Well, OK, So Now What?
After surviving the licensing gauntlet, participating in our first public pour, what exactly is the next move? Our eyes are set on composing a beautiful taproom paired with the commercial brewing equipment necessary to showcase our craft. However, before that crater is dug, we want to establish outlets for our beer to be publicly sipped and sampled.
In order to do so, all free time is allocated to assembling our Ben Lomond brewhouse. This is about as simple as explaining taxes to a ten year old. Here’s a checklist of what we’re currently doing:
- Cutting, welding and crafting all necessary equipment. To keep expenses low, we do as much as possible ourselves. This includes building a custom brew stand for our brew kettles and mash tun.
- Playing a barren version of hide and seek with upright freezers. With a little bit of electrical configuration, upright freezers are converted into temperature controlled lager fermentation chambers. Pretty cool (pun intended). After four weeks of seeking, we’ve found three, but need eight. What's that? Oh, we're glad you asked! Yes, searching for upright freezers in the East Bay sucks.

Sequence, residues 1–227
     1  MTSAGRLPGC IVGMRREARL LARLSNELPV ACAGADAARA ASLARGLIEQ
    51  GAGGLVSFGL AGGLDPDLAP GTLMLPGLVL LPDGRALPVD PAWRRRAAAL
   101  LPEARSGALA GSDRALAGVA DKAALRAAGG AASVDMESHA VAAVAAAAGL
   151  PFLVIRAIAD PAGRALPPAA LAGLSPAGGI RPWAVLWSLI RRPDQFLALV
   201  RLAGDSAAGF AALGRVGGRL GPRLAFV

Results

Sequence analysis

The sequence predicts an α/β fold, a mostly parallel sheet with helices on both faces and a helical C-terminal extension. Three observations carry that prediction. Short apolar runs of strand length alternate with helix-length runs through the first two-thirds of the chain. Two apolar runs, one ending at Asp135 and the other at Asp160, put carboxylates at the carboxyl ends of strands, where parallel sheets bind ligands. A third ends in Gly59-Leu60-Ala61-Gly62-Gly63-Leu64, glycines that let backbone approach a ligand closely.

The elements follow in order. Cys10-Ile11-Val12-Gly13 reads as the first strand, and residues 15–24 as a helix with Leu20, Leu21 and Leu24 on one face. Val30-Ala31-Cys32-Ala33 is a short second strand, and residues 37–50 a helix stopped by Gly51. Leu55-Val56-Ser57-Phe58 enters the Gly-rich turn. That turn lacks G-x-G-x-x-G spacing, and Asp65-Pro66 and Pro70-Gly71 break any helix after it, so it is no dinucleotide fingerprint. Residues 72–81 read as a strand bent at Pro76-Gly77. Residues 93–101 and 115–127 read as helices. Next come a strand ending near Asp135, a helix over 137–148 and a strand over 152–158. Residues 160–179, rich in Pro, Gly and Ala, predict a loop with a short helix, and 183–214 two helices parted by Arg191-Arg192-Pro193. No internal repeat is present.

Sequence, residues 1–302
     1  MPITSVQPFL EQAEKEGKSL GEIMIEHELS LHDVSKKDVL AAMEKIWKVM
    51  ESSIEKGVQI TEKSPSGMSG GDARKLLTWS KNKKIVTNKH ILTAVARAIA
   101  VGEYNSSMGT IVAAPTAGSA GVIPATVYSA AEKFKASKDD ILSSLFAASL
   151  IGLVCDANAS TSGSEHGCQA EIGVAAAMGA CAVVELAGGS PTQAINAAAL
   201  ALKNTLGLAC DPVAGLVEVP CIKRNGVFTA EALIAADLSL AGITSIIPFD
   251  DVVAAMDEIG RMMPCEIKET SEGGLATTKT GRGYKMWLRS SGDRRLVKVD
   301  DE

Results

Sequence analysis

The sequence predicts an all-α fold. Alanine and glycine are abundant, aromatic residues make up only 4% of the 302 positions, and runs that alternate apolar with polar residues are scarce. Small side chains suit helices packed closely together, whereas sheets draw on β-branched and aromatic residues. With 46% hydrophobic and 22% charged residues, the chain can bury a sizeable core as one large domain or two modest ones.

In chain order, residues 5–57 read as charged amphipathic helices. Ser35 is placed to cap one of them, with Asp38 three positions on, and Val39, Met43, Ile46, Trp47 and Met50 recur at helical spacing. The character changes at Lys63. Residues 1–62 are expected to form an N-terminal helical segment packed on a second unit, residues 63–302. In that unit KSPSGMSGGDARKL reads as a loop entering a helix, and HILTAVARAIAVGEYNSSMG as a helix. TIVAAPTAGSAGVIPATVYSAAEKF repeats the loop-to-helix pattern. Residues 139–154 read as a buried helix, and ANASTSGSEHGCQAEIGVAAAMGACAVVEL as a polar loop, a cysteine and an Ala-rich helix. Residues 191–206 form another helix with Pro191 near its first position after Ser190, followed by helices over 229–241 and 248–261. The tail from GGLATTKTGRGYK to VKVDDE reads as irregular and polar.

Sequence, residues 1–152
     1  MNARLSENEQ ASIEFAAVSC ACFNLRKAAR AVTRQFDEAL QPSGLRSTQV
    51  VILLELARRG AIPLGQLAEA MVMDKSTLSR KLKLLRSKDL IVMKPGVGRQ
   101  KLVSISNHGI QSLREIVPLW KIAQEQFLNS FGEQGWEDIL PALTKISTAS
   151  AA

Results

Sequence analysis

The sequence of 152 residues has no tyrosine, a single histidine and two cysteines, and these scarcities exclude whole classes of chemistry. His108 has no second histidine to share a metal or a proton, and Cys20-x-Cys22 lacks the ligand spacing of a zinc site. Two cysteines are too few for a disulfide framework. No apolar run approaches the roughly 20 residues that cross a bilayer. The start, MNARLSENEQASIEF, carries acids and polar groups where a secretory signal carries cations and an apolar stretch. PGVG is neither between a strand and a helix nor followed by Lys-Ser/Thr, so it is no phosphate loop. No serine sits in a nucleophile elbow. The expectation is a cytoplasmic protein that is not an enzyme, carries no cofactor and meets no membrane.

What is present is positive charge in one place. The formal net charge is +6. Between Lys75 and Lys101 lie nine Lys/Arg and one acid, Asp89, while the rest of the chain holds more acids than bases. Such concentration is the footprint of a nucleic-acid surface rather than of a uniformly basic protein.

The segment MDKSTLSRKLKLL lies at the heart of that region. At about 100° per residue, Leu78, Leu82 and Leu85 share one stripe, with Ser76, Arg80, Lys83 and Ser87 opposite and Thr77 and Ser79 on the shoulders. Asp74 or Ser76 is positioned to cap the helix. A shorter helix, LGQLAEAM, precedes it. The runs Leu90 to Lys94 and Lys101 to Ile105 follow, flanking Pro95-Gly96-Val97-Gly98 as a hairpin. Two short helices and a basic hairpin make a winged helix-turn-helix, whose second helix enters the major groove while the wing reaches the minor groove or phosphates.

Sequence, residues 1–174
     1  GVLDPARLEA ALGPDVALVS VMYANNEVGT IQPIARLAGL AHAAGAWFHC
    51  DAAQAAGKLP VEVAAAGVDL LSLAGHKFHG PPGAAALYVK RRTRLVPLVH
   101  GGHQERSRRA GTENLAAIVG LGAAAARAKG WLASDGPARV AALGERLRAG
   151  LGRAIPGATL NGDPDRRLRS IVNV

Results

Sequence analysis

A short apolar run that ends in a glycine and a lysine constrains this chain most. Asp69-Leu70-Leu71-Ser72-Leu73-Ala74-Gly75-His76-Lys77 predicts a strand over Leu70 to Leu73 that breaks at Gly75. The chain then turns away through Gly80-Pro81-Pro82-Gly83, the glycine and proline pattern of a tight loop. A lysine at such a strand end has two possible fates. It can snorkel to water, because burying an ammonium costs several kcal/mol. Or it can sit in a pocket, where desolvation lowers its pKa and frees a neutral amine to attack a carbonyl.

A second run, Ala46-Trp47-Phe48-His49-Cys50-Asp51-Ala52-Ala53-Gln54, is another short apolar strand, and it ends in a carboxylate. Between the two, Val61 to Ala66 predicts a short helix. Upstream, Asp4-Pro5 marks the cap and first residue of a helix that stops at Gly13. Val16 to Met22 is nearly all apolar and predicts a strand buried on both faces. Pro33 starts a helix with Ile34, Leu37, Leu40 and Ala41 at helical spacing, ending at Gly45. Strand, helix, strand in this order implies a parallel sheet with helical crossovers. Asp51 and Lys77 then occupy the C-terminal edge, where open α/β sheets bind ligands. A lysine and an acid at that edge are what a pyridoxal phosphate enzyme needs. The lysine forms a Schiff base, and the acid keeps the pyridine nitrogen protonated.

- Large quantities of equipment require large amounts of power. Therefore, digging trenches and running new electrical to provide sufficient power is a must (unless you're into half-assed beer, which we're not?)
- Finding ingredients. Being in a transition stage, we don’t have the need for bulk ingredient orders, which makes items like hops, harder to come by and more expensive. Not to mention that certain hops are harder to come by than Donald Trump at a Santa Cruz Warriors' game.
- Finally the fun: brewing beer. A full day or more must be dedicated to brewing every style of beer. We've currently mapped out 12 different styles to brew and share with you in the coming months :)
Once the above tasks are completed, things should be seamless, right? Maybe, but two minor hurdles remain:
- Our cold storage is limited. Once we make it, where do we put it?
- At this stage, even if every potential order is fulfilled, there’s a good chance we won't make money before we scale up our system...yikes! (investors, hopefully you just skipped over #2)
If we’re not raking in the dough, then why choose this avenue?
By starting a small distribution operation, Humble Sea beer will be available at select restaurants and tap houses. Better yet, experimenting with new recipes on a small scale is a cost effective way to find out what our community of beer drinkers want. Think of this way, it's a dry-hopped version of The Lean Startup methodology. Build. Measure. Learn. Repeat.
Ben Lomond is not a long term solution. However, once the barn is transformed into a well oiled machine, our effort will transition to crafting our beautiful taproom.